This article is part of our The Z Files series.
It's time to turn the page on 2019 and begin thinking about 2020. There are already several sets of initial rankings for next season floating around cyberspace. These are all subjective in nature, and there's nothing wrong with that. Personally, I prefer a more objective foundation, involving a statistical projection converted into expected earnings, though both entities are fraught with error. Still, I know this going in and am more comfortable massaging rankings based on my formulaic expectations.
In brief, the manner I generate a player projection is to convert their stats to a neutral environment, apply a weighted average over the last three seasons, regress the appropriate stats to flesh out luck, return the numbers to the player's park context and adjust for playing time.
The first step in the process is determining the 2019 park factors. I use the method described in The Bill James Handbook published by Baseball Info Solutions, with my own twist. A park index of 110 means the venue increases production of that stat by 10 percent. Let's say that's the right-handed home run index for a particular venue. A player projected to hit 20 homers in a neutral environment would be projected for 21 after applying the park factor. The conventional method assumes the away venues average out to neutral, so half the home venue is used to adjust the neutral projection since the player plays half his games at home.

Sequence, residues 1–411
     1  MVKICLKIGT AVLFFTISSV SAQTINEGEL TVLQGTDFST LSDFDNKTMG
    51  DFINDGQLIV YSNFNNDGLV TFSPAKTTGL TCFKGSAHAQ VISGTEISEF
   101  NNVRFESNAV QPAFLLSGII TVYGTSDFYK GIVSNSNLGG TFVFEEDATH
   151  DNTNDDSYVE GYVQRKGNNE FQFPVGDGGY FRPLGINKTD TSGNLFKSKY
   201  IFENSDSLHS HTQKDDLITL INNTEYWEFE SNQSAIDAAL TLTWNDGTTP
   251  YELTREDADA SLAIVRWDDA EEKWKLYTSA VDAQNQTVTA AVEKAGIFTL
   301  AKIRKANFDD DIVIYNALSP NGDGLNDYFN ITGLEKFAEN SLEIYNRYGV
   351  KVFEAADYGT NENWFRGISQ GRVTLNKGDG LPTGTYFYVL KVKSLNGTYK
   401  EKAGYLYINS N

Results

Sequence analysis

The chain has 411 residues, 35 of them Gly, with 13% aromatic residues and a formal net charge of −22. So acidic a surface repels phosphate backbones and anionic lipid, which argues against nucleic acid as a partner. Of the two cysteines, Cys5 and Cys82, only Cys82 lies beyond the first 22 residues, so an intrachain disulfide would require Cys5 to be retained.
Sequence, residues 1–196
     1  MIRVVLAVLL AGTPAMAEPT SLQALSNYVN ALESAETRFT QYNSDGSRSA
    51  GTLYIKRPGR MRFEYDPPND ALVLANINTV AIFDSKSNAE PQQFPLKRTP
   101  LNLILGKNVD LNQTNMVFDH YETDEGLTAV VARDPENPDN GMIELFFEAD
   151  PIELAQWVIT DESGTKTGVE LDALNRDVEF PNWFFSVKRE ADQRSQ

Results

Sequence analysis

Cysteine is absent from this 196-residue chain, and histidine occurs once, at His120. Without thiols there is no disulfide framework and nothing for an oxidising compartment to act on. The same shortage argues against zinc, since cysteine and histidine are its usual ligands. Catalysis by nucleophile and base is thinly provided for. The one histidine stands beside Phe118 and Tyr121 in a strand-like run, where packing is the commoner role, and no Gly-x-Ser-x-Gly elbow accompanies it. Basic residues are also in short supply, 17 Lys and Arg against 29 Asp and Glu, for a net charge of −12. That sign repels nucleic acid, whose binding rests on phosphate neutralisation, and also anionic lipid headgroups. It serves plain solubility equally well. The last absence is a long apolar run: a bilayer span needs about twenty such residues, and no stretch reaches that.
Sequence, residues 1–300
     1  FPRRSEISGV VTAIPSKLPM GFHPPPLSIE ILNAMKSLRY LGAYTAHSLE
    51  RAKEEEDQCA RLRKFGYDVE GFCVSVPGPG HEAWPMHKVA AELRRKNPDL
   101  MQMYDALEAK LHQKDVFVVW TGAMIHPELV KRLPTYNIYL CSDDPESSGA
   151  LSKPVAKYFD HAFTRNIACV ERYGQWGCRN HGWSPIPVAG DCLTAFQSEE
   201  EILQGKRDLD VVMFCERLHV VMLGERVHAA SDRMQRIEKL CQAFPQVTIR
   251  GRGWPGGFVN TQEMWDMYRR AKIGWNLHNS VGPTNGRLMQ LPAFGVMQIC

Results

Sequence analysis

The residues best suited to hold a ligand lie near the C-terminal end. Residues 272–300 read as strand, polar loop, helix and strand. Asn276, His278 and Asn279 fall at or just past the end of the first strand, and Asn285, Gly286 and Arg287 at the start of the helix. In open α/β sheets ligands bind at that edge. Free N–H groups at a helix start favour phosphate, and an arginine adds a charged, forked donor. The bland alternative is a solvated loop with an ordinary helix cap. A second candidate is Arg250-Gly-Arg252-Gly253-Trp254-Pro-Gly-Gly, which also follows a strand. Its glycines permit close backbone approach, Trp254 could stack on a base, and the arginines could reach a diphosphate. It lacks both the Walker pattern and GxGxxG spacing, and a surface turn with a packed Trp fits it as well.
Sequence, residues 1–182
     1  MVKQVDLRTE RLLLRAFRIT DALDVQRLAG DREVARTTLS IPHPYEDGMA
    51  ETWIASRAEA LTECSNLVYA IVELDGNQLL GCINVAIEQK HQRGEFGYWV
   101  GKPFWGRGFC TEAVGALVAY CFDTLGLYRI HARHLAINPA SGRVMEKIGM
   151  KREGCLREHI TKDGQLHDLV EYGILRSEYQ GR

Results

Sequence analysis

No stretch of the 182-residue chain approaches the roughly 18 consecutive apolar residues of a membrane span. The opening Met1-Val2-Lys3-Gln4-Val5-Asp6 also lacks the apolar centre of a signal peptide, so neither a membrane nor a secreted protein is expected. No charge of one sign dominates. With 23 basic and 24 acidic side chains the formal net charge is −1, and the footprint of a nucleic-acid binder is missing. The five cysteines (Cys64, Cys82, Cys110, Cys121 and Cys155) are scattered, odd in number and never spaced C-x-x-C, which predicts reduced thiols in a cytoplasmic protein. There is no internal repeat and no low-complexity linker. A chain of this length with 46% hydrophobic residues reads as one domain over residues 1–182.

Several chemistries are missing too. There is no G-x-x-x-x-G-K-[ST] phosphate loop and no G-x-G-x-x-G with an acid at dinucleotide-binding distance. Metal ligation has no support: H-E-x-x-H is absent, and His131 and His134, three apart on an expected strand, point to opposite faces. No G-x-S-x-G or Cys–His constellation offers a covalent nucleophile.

20 x 1.05 = 21
I utilize composite factors. If a team plays